Are you lonely? If so, you are not alone.
A survey released this week of 20,000 U.S. adults found that nearly half of people suffer from feelings of loneliness. The evaluation of loneliness was measured by an often-used score of 43 or higher on the University of California, Los Angeles “Loneliness Scale,” a 20-item questionnaire developed to measure feelings of loneliness and social isolation.
Loneliness is both a health issue and a social issue and, often times, subjective. “We view a person’s physical, mental and social health as being entirely connected,” David Cordani, president and chief executive officer of Cigna, said in a statement. “We’re seeing a lack of human connection, which ultimately leads to a lack of vitality,” he said, “or a disconnect between mind and body.”
The findings build on previous research that showed loneliness is on the rise among younger people, and is not just a critical issue for older people. Regardless of the age of the person affected, loneliness is just as much of a health risk as being obese. An American Psychological Association study released in August concluded that lonely people are at a greater risk for premature death.
Here’s what else the Cigna report found:
• Only around half of Americans (53%) say they have meaningful, daily face-to-face social interactions, including an extended conversation with a friend or spending quality time with family.
• Members of Generation Z (adults aged 18-22 for the purposes of this study) say they are the loneliest generation and claim to be in worse health than older generations.
• Social media use alone is not a predictor of loneliness, as heavy users have a loneliness score (43.5) that is only slightly higher than people who say they never use social media (41.7).
Of course, as people age and lose family members and friends, and cut down on work, they are susceptible to loneliness. A 2012 University of California, San Francisco study found that people aged 60 years old and older who said they felt lonely were 45% more at risk of dying earlier than those who did not feel lonely, and were also more prone to mental and physical decline.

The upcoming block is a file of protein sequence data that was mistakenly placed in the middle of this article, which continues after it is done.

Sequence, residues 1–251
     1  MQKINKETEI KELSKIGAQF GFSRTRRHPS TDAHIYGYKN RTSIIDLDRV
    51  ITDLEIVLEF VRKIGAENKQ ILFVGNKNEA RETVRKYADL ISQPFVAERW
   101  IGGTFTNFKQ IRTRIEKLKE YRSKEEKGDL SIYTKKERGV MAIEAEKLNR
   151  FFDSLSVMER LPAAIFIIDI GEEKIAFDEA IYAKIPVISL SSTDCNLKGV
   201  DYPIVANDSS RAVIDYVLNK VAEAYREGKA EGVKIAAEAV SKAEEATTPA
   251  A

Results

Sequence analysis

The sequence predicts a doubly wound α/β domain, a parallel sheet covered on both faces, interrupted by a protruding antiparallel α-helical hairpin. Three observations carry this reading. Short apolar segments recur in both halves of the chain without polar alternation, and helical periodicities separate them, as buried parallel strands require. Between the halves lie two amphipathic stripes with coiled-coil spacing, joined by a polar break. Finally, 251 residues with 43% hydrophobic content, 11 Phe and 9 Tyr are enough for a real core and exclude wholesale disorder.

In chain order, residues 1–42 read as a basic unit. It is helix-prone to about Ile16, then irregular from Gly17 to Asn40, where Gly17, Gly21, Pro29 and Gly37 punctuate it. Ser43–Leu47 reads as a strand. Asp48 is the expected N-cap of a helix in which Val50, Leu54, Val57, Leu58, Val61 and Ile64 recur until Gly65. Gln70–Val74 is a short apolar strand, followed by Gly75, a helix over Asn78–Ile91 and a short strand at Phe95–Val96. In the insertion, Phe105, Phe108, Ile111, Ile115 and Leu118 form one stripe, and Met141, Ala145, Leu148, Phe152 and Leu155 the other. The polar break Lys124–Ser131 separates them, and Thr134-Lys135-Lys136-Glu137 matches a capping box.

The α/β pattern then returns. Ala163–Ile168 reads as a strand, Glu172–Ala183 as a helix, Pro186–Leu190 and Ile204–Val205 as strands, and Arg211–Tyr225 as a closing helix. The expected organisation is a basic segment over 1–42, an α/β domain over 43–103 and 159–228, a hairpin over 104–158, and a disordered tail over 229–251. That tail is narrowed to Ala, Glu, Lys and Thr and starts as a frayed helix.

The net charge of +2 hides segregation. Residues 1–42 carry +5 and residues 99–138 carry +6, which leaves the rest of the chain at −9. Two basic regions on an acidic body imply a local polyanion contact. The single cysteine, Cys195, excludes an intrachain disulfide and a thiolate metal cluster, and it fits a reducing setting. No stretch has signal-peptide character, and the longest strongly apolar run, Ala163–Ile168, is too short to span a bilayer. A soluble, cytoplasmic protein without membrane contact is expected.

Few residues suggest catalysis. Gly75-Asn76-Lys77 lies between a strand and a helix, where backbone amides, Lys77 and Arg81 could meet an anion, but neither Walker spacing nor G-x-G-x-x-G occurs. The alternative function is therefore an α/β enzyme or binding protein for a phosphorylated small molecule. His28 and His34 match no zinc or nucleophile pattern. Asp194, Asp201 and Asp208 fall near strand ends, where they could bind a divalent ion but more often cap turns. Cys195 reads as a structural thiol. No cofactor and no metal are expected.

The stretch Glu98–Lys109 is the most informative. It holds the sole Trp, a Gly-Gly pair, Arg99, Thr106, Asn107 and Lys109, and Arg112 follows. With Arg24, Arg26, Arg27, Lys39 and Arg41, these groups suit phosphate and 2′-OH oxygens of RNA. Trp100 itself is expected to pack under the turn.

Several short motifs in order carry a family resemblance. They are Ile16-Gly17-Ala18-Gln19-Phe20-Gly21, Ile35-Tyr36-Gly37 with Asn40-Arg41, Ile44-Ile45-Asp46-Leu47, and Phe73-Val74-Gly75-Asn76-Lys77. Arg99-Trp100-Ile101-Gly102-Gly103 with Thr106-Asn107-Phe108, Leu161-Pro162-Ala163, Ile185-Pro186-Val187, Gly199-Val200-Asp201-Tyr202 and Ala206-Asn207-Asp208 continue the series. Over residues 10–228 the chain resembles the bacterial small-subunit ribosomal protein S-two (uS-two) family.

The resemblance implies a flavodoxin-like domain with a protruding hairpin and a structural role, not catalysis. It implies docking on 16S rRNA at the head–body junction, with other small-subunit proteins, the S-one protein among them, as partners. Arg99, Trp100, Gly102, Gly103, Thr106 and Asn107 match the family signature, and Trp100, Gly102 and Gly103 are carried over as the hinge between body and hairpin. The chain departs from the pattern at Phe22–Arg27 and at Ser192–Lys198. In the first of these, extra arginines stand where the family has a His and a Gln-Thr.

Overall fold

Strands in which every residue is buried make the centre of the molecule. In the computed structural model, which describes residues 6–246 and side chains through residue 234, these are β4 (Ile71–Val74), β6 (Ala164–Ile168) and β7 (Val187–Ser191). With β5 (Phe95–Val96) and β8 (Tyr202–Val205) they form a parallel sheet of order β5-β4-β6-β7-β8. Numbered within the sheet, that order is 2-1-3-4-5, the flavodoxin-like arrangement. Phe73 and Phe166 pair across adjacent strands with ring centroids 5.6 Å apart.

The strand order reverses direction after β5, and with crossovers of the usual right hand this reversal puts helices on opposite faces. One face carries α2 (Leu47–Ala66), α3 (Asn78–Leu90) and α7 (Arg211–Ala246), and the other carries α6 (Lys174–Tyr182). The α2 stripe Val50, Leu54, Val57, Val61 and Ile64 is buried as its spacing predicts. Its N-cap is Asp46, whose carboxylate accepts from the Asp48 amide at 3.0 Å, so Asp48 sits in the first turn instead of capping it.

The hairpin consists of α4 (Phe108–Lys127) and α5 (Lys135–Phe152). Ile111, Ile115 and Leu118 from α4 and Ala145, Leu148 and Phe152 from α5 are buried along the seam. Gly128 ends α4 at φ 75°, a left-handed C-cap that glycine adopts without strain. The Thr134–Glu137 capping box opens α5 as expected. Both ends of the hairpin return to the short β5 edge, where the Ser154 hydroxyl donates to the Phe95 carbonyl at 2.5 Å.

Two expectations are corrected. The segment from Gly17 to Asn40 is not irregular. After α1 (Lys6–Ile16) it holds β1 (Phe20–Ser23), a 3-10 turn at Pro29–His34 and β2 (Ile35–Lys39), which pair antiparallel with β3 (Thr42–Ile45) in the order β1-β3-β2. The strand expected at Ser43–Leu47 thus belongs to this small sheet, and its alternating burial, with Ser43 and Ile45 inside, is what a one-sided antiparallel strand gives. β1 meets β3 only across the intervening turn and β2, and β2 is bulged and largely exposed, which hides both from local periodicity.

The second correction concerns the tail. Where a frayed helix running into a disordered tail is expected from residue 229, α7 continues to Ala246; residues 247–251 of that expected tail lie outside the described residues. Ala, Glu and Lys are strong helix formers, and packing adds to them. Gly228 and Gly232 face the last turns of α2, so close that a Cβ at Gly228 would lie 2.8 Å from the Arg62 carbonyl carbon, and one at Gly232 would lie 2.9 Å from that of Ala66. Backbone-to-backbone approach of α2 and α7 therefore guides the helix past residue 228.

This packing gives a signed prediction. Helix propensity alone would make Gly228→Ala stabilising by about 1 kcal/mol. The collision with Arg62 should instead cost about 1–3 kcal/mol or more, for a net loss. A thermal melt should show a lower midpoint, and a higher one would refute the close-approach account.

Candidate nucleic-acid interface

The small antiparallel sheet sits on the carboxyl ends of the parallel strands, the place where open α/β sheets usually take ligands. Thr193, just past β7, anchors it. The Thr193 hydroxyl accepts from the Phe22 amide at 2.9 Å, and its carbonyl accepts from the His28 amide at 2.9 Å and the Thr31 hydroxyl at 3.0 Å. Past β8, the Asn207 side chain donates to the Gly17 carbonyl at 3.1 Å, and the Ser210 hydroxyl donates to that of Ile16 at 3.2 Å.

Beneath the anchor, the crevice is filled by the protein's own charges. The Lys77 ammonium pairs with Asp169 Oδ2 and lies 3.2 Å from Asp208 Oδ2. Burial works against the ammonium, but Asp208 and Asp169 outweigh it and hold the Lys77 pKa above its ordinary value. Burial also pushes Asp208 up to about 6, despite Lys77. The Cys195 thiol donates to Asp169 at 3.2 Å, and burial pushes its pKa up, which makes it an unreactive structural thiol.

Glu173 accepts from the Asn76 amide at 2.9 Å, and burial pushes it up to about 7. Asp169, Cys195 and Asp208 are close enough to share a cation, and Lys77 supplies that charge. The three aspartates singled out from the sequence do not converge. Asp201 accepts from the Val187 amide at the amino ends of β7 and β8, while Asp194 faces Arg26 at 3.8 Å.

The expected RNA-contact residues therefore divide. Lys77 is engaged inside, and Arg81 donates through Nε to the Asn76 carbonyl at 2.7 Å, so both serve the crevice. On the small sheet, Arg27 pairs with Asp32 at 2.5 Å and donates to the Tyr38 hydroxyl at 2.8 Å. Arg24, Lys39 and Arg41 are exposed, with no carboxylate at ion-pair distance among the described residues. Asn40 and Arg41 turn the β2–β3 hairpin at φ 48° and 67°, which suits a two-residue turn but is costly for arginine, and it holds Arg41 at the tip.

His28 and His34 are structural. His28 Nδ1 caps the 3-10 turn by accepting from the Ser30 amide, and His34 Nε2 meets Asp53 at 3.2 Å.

More surprising: That study found 43% of older adults felt lonely, even though only 18% actually lived alone. For older people, this raises questions about the quality of institutional and community care. Loneliness, the researchers said, is more a feeling of isolation and desolation, while depression is a mental health issue where people may feel hopeless and suffer from an extreme lack of energy.
Other studies show a link between loneliness and social media
People who spent the most time on social media had twice the odds of having greater perceived social isolation, a 2017 study of more than 1,700 people published in the “American Journal of Preventive Medicine.” Social isolation, a state in which an individual lacks a sense of social belonging and fulfilling relationships, is associated with increased morbidity and mortality.
Over-dependence on social networks as a social outlet can also lead to what some doctors call “Facebook Depression,” according to a 2010 report, “The Impact of Social Media on Children, Adolescents and Family,” by the American Academy of Pediatrics. Another report released last year found that the more you use Facebook, the less satisfied you feel about life.
Excessive browsing can also be a problem. A 2015 study in the journal Cyberpsychology, Behavior and Social Networking suggested young people who are heavy users of social media—spending more than two hours a day—are more likely to report poor mental health and psychological distress, symptoms of which include anxiety and depression.
Lonely people also behave differently as consumers
Spending money on experiences rather than stuff may also help stave off isolation, other research suggests. Materialism can lead to loneliness, which can lead to more materialism, according to a 2013 study published in the Journal of Consumer Research by Rik Pieters, a professor of marketing at Tilburg University in the Netherlands. Researchers call this theory the “loneliness loop.”
After studying 2,500 consumers over six years, Pieters found that people who valued possessions as a sign of material success felt more lonely, while those who sought possessions for sheer joy actually felt less lonely. What’s more, people who are lonely are less likely to conform and favor movies on Netflix NFLX, +0.02% with fewer stars than those who say they’re not lonely.
There are many actions people can take to combat loneliness, including getting adequate sleep and physical activity, Cigna CI, +0.75% found. Respondents who said they worked just the right amount are least likely to be lonely: Those who work more than desired had a 3-point rise in their loneliness score, while those who work less than desired showed a 6-point increase.